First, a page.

I noticed that sometimes in your articles you quote the interviewee say things that aren't on the broadcast. Do you listen to the unedited interviews and if so, how much gets left out?
I listen to the first edit, which means post-taping but pre-ready-for-broadcast. Usually they start out around 60-75 minutes long and then are cut down for time/clarity/whether we need to play another segment. So it’s really very interview dependent. (It would be impossible to produce the website after the final edit, because sometimes the show is being edited literally 2 minutes before airtime.)
Hi Melody, Just a little fan letter from me to you: I am a 23 year old woman, not-yet-college graduate, and huge fan of fresh air before I was ever on Twitter or Tumblr. These are the two social media avenues that I currently follow you/the show on. You do a beautiful job of managing these and you are (in my opinion) THE example of how to curate social media for a fan base and audience. I will be very sad to see you go, and want you to know how much I've enjoyed your talent!
Thanks. That’s really sweet. I have to say, I’ve really enjoyed working here and struggled with the decision to leave for the better part of a year. But it’ll be good. I’m excited to help train a new hire and get the ball rolling with someone else later this summer.
What's the most challenging part of working for fresh air?
The deadlines are sometimes tough. When we run two interviews and a review, I have to write both interviews for the web (anywhere from 800-1000 words each) write captions, headlines, etc. for each website and write/produce the show’s billboard — in about 3 hours. It’s not fun when there are 10 gajillion people asking for things. But I kind of feed off of that pace and end up mainly enjoying it, as weird as that sounds.
“I’ve got plates thrown at me, I’ve got scallop marks on my face that I’ve gotten thrown at me. But not for one second would I challenge the chef for that. In today’s age, that might sound crazy, but when you’re in that moment, you don’t challenge the chef. I considered myself very lucky to be picked to work in those kitchens.”—Top Chef Masters winner Marcus Samuelsson
“The narrative of a black chef didn’t exist. Black people have always cooked and been part of serving but not from a chef perspective. Not in these establishments — the three-star, highest establishments. So when they say ‘Marcus Samuelsson’ coming in — that’s a Swedish name, and then they saw me, it was a shock. I was not applying for the dishwashing job. I was applying for a chef job, so being able to, in a non-threatening way, and getting the job just like anybody else — they were just not used to it. They had just never seen it, ever.”—Marcus Samuelsson on Fresh Air.
I love learning about different topics and reading the books/articles we feature on the show. I feel like I’ve gone to graduate school five times over. And learning about so many topics — and researching and writing about them — has allowed me to hone in on exactly what I want to learn more about. (Also: free mugs. Never have to pay for another mug again. Ever.)
What's the drill for your show when a guest cancels last-minute?
We’re lucky because we’re not live. We pre-tape all of our interviews and then the show goes live at noon. (This means Terry’s sitting in a studio reading introductions to segments and things like that, but the actual interview is on a tape.) So if a guest cancels, we scramble to fill a slot — or we use something from our shelf. (We always try to have 2-3 interviews ready to go.)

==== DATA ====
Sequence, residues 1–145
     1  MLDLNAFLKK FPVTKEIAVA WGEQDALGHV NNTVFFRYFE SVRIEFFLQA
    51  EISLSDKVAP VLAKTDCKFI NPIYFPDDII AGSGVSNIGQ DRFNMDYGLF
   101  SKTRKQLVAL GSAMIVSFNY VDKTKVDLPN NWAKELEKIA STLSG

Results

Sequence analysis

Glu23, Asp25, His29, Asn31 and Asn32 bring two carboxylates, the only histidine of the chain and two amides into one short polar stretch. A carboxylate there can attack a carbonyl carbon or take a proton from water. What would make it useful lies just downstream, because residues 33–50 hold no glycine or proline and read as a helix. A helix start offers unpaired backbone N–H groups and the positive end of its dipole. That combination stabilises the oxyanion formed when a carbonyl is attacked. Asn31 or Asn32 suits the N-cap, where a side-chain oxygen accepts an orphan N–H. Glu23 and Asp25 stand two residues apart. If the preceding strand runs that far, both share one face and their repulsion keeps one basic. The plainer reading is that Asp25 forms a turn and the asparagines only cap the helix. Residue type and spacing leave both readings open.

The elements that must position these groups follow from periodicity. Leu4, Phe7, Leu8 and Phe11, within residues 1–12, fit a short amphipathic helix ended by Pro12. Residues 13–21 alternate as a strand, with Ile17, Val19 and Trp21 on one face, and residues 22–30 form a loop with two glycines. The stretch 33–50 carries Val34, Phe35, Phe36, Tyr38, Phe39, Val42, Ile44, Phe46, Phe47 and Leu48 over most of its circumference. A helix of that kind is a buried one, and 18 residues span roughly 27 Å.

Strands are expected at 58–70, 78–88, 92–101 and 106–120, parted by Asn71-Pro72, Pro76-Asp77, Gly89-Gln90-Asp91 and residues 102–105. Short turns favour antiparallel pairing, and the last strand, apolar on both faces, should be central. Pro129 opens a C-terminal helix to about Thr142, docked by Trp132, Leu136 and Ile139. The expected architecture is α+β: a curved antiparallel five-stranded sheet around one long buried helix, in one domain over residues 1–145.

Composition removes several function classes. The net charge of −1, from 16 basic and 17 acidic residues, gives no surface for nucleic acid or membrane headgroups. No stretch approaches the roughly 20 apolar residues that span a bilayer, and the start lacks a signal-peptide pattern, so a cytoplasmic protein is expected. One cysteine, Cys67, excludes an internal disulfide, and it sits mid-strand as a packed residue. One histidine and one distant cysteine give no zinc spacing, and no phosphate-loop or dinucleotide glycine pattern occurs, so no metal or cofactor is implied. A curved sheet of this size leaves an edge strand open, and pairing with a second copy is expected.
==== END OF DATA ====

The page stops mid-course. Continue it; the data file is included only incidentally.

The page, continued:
This doesn't really have to do with your programming, but what would one very eager college student have to do in order to acquire an internship at NPR? More specifically, in the Fresh Air offices?
Unfortunately the show doesn’t have an internship program, but our station WHYY has interns and NPR has interns too. So you should apply to those if you’re interested. (Explain why you want to work in public radio and send any clips you have.)
“I knew who Deep Throat was for years and years and years. And by the way, had you asked me on this station, on NPR, on WHYY, 15 years ago, I would happily have told you. I told everyone. But no one listened to me. It was very, very, very frustrating. Carl had never told me who Deep Throat was. …I would not have kept any secrets. I will tell anyone anything I know, and I knew that Deep Throat was Mark Felt. I figured it out from a clue in the book, and if I gave a speech with 500 people and [someone] asked me, I told them. I was like a tree falling in the forest that no one hears.”—Nora Ephron on the identity of Deep Throat
Whatever you choose, however many roads you travel, I hope that you choose not to be a lady. I hope you will find some way to break the rules and make a little trouble out there. And I also hope that you will choose to make some of that trouble on behalf of women. — Nora Ephron
“If I’m following a young person down the street and the young person passes a mirror, I see the fabulous way he or she turns toward it and kind of smiles and checks himself/herself out and they know what they’re going to see. We don’t know. There’s a certain moment where you’re just terrified about what you’re going to see. So if you are forced to look at a mirror, you squint and then gently open your eyes to see if it’s safe. And if it’s not, you close them and walk on.”—Nora Ephron in 2006 on WHYY’s RadioTimes [full interview here]
“I don’t think many passengers realize that when they’re in an airport, and there’s some sort of a problem and they walk up to a ticket counter and they’re talking to someone who’s wearing the uniform of an airline employee, that in many cases they’re not [talking to] an airline employee.”—Today: William McGee details how airlines are cutting costs through regional carriers, outsourcing airline maintenance, mishandling baggage and overbooking airplanes.